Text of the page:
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Al Davis

July 20, 1989 | BOB OATES, Times Staff Writer
The National Football League search committee that unanimously recommended New Orleans Saints' executive Jim Finks to replace Pete Rozelle as commissioner was dissolved Wednesday and replaced with a new one that includes Al Davis, owner of the Raiders. Pete Rozelle, the outgoing commissioner, appointed the new committee to either recommend new candidates or ratify the original committee finalists as soon as possible. How soon will that be?
March 18, 1997 | RANDY HARVEY
Mayor Richard Riordan and City Councilman Mark Ridley-Thomas are like Don Quixote and Sancho Panza, tilting at windmills in their crusade to bring an NFL team to the Coliseum. Still, I applaud their efforts. A state-of-the-art stadium within the walls of the existing Coliseum, creating a futuristic environment while preserving history, is an attractive idea, as long as the $200 million-plus project doesn't come at taxpayer expense. In bringing the NFL back to the L.A.
April 27, 1986 | MARK HEISLER, Times Staff Writer
Agents all over the country are buzzing that Al Davis is about to pull another master stroke, trading up for Houston's third pick in Tuesday's draft so that the Raiders can select Purdue quarterback Jim Everett. Or, they say, he'll trade for the St. Louis Cardinals' fifth pick, or maybe even the New Orleans Saints' sixth. Maybe they're right, but a Raider official says it's all silly gossip, that nothing is happening with the Oilers, Cardinals, Saints or anybody.
September 5, 1993 | Bob Oates
Ram and Raider football teams in recent years have tended to reach a peak each September about this time. And once more, heading into a new season today, the NFL's two Los Angeles-area entries are tied for first. Can they stay there? No chance. Although they might, finally, be moving in the right direction--with Jeff Hostetler now at quarterback for the Raiders and Chuck Knox back as coach of the Rams--their recent history isn't encouraging.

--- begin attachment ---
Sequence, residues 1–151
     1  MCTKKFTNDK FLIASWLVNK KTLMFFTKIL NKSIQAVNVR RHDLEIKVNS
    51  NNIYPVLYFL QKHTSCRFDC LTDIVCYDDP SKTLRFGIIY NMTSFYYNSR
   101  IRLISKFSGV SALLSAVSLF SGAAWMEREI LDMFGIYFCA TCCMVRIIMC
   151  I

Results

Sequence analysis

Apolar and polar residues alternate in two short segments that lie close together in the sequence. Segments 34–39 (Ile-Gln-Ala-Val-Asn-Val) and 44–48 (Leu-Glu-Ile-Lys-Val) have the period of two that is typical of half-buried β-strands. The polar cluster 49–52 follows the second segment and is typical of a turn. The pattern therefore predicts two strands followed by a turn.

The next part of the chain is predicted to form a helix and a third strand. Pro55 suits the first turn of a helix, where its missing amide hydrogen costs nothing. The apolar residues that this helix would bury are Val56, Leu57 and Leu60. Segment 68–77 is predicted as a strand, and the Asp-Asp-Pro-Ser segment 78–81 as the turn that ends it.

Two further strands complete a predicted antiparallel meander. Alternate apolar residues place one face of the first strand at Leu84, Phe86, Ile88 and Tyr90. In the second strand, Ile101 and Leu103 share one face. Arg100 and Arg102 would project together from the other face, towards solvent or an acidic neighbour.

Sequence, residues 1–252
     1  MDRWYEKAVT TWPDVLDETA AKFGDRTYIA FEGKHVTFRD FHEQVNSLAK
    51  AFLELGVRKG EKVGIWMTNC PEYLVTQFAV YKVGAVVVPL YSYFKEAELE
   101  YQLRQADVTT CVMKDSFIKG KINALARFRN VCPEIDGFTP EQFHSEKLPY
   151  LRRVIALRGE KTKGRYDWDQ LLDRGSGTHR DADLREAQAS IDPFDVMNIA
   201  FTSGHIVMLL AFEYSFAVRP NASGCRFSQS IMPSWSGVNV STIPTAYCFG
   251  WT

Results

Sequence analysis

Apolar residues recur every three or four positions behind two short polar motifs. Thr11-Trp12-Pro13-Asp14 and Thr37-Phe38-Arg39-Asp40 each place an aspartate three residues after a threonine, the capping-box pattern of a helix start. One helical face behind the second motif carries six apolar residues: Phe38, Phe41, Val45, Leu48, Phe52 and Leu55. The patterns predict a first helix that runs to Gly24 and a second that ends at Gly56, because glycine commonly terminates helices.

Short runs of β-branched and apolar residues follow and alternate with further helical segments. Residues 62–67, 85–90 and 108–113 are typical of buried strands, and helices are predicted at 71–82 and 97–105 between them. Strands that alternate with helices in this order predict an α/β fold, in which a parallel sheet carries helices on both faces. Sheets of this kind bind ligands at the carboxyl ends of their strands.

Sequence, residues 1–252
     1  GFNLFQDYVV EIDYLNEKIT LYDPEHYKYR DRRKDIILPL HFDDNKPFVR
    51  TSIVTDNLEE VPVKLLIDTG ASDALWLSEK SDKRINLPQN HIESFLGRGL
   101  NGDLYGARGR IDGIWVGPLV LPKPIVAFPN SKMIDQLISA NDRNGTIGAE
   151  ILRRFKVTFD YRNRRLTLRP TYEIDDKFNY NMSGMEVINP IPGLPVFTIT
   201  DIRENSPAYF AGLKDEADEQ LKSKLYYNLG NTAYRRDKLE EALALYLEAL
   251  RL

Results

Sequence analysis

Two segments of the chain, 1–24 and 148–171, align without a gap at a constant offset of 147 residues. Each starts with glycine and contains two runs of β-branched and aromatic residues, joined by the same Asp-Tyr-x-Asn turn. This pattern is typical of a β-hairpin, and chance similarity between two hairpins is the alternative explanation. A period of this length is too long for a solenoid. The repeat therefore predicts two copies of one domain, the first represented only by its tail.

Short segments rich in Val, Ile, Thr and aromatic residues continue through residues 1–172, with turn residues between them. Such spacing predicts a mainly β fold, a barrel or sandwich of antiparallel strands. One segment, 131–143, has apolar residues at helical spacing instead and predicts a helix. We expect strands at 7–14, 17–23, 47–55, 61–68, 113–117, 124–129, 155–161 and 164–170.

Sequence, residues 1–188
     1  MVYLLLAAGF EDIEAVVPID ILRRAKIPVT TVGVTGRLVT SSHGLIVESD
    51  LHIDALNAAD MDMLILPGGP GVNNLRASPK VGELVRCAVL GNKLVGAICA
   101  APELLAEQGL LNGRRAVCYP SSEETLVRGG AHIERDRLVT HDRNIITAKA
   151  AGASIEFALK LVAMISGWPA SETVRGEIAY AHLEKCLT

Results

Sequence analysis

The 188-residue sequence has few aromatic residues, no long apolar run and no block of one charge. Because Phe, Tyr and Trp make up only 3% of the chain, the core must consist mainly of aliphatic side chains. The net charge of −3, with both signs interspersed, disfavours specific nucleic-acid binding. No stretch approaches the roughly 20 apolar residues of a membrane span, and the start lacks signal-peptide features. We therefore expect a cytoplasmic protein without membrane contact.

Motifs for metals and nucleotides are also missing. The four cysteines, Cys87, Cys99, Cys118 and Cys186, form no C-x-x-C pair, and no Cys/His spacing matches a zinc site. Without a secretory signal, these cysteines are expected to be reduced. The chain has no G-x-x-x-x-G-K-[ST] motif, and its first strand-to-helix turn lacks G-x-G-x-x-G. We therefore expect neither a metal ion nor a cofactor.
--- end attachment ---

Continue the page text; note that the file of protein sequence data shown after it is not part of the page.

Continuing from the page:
Dallas Cowboy defensive coordinator Butch Davis has been interviewed for the Raider head coaching job by owner Al Davis, The Times has learned. Despite the presence of Butch Davis at the Raiders' El Segundo headquarters Thursday, Al Davis has not made a final decision on the fate of Coach Art Shell, according to sources. Al Davis could wind up offering Butch Davis an assistant's job.
July 25, 1990 | From Associated Press
Al Davis, who said yes quickly to an earlier offer from Oakland, figures to take a little longer this time around before saying whether he'll move the Raiders back to their former home. The owner of the Raiders has 45 days to consider a deal, approved Tuesday by the Alameda County Board of Supervisors, that includes $60 million in improvements at the Oakland Coliseum. Davis is being asked to sign a 15-year lease.
April 19, 1995 | SAM HALL KAPLAN, Sam Hall Kaplan, whose books include "L.A. Lost & Found" (Crown) and "L.A. Follies" (Cityscape), is an essayist for Fox KTTV News and Los Angeles Magazine
Stop the game! Stop the clock! Send to the showers and flush the recent proposal for a $200-million stadium to house the Raiders and UCLA football teams in Inglewood. There should also be a penalty for ingratitude, with the proposal coming so soon after the city spent $100 million in public funds to fix quake damage and renovate the Coliseum, including a considerable sum to speed work on a round-the-clock schedule to accommodate football.
January 26, 2003 | Bill Plaschke
He has raised the dead. It was 1971, and an Oakland Raider employee named Del Courtney suffered an attack of Guillain-Barre syndrome, causing paralysis, freezing even his eyelids. Doctors said he had one hour to live. The newspaper prepared an obituary. Family paid last respects. Al Davis ignored them all, visiting Courtney's motionless body every day for three months, updating him on the football team, assuring him that his medical bills were paid, urging him to fight.
The Oakland Raiders gave up weeks ago, some would say years ago. They once again are ready to put the wraps on another lost season. But maybe the real tragedy in the decline of a once great franchise goes beyond the team and gets right to the man. Plain and simple, nobody fears Al Davis anymore. Not the other teams, not the commissioner, not the Oakland city officials, and not even his players. Nobody. Davis used to cut a pretty ferocious figure.
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